Its purpose is to instill an appreciation of the development and employment of air power. Case studies are used to examine Air Force leadership and management situations as a means of demonstrating and exercising practical applications of the concepts being studied. Special topics of interest focus on the military as a profession, officer ship, military justice, civilian control of the military, preparation for active duty, and current issues affecting military professionalism.
Within this structure, continued emphasis is given to refining communication skills. This course offers an introduction to its four major sub-fields, namely; Physical or Biological anthropology human evolution, the fossil record, ethology ; Archaeology extinct cultures, classical civilizations, pre-history ; Linguistics language origins, development, diffusion, structure, and change ; Sociocultural Anthropology pioneers in the field, cross-cultural research, case studies, and the future.
By focusing on the broad cultural implications and complexities of social communication and interaction, anthropology seeks to understand the whole human experience. Subsistence patterns, social organization, economic structures, political systems, religion and creative behavior are the major areas we cover.
By examining examples ranging from small gathering and hunting groups to large modern day communities, this course provides a broad perspective of the sociocultural realities of our world. This course introduces the methods, logic and history of archaeology through an examination of several ancient civilizations as understood through their architecture and artifacts. Topics include theoretical issues, fieldwork, and interpretation of artifacts and reconstruction of past cultural patterns.
Students will visit at least one relevant site, exhibit or museum as a course requirement. It focuses on the dynamic heritages, languages, knowledge, technology, arts, and values that have been passed on through the generations. Students will be introduced to the anthropological literature concerned with the study and understanding of Native American cultures and societies. Some field study may be required. By introducing students to the application of anthropological methodologies such as field work and cross-cultural comparison, the course examines some of the major issues which confront human beings in a complex rapidly growing and changing world including: Any level social science or business course.
An in-depth study of these topics will provide knowledge, understanding and appreciation of this region while offering insights into the development of communities in the U. SMA This course introduces students to the subject and basic methods used in cross-cultural comparisons and research, as well as providing a better understanding of Western and non-Western perceptions and treatments of the body and health issues.
This course provides the opportunity to study, explore, examine and analyze areas of special, short-term interest in anthropology. Each topic builds on knowledge learned in the level courses. We give special emphasis to those changes which occur as technology changes. A major part of the course concerns how and why today's women and men arrive at their social, economic, political and legal statuses. Students completing this course may not receive credit for SOC We will employ and discuss scientific methods used to explore and a broad range of problems associated with identification and trauma analysis using data gathering methods such as: This course offers students the chance to study short term topics of specialized, more advanced areas of anthropology.
Each topic builds and expands on information learned in introductory courses. This course is particularly recommended to students in the Anthropology Minor program, but is open to other interested students who meet the prerequisites.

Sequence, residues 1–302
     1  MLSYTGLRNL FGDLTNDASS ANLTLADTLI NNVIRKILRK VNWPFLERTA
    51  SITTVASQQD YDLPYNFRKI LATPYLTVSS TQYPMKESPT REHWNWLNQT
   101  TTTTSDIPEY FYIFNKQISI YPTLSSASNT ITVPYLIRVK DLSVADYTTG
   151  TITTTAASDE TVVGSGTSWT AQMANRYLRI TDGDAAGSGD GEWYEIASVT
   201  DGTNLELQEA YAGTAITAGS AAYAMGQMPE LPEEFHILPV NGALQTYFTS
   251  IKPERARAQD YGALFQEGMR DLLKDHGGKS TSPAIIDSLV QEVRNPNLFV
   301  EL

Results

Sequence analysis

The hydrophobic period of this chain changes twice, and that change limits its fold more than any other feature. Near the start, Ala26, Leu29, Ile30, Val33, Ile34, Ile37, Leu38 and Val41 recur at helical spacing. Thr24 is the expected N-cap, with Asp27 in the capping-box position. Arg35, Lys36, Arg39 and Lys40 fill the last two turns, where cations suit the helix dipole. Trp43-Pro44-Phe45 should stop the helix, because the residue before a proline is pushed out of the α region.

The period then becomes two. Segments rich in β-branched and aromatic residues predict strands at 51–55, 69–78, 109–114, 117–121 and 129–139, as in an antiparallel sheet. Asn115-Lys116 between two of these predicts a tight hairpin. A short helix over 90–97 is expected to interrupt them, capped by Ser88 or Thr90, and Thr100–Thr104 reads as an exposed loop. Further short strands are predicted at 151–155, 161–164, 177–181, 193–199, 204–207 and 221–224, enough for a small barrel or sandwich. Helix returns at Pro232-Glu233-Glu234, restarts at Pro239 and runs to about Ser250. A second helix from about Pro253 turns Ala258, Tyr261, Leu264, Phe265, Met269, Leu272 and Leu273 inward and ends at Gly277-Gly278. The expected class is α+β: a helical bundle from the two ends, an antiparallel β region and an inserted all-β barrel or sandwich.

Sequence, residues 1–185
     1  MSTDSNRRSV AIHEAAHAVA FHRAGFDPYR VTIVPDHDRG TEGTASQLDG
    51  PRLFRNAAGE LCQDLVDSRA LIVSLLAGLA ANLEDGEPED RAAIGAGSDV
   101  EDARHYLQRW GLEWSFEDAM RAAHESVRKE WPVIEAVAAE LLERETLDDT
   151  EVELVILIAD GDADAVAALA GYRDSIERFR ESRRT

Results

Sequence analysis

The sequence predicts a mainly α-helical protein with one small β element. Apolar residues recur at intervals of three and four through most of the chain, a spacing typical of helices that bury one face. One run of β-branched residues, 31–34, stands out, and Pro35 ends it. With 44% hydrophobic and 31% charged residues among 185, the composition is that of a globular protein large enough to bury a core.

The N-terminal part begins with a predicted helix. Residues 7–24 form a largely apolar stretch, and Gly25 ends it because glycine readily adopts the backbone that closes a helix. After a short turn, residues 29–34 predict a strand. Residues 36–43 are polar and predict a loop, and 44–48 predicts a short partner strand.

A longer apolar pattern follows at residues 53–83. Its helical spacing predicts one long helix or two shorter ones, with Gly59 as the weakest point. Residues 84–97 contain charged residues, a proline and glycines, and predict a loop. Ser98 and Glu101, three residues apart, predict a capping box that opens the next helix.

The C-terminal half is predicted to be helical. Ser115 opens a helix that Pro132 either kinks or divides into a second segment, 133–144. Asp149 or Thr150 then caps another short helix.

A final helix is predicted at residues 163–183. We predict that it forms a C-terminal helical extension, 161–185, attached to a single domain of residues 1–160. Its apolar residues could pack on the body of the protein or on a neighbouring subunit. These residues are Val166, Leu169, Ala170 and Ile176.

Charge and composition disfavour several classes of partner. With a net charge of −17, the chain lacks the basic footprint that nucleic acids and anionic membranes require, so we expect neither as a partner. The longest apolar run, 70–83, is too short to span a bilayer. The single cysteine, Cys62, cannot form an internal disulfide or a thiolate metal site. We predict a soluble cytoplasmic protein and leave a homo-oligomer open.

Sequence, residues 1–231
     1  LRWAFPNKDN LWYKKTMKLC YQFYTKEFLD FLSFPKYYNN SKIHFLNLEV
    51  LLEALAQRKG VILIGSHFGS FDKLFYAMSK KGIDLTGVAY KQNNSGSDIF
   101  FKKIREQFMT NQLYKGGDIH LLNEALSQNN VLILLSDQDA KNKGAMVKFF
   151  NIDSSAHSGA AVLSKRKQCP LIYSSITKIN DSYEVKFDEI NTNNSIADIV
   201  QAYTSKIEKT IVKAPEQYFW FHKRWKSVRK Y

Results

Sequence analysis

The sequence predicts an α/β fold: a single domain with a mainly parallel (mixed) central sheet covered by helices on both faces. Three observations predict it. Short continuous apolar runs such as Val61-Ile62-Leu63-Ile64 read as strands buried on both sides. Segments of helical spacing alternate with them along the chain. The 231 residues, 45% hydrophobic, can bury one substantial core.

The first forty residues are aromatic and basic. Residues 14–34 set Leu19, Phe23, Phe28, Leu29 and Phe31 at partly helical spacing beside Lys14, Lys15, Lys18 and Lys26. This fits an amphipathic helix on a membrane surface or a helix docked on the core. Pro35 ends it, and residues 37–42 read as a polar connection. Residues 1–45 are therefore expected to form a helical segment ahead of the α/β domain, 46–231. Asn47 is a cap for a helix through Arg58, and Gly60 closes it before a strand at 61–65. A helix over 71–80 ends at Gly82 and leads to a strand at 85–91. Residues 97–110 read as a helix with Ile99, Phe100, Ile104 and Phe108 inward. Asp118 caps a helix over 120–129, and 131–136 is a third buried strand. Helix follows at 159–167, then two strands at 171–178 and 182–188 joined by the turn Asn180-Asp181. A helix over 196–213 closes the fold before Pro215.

This course will cover skeletal growth and development, variation, histology, and pathology, in addition to basic demographic analyses age, sex, stature and ancestry. Through lectures and hand-on experience, using skeletal material from the collections housed in the Sociology and Anthropology department, students will learn to identify all skeletal elements, to understand and appreciate the variation observed within and between populations and to appreciate the influence culture has on the human skeletal system.
Course lectures will be enhanced using case studies from archaeology and forensic anthropology. Debates within the discipline and the larger historical, cultural and intellectual contexts in which they were produced, will be examined, as will the enduring relevance of these theories. The course includes reading and critical analysis of texts, as well as class discussions.
All with a grade of C or higher. The purpose of the course is to gain experience in ethnographic practices, including interviewing, fieldwork research, qualitative analysis, and writing critically informed accounts. While working alongside a faculty member students will be able to hone their research and analytical skills, through hands-on experiences. Students will create a research plan in consultation with the faculty member and spend hours during the semester working on research.
While each course design will vary, students will be involved in library research, compiling literature reviews, data collection, and data analysis. Students must either complete a paper or poster at the conclusion of their research internship.
ANT with a grade of C or higher Credits: This course emphasizes the gradual development of the four language skills: This intermediate course further emphasizes the development of the four language skills: A literary and cultural reading will be introduced.
This course emphasizes structural review, intensified practice in oral expression with increased emphasis on reading and writing skills. Continued attention will be given to contemporary Arabic culture. Selections from Arabic authors will be read. The use of reading scales, lengths, areas and volumes in drawings is developed to help students visualize and understand building elements and plans. The course will include basic CAD fundamentals, site visits and future employment requirements and opportunities for those interested in the major.
CAD topics include software commands and drawing strategies for 2-D and 3-D CAD work, plans, sections, elevations, and details, information management, assembly of drawings and scales. This course includes a required laboratory designed to provide extra time for the studio experience. The diagram and sketch model are introduced as methods of understanding design.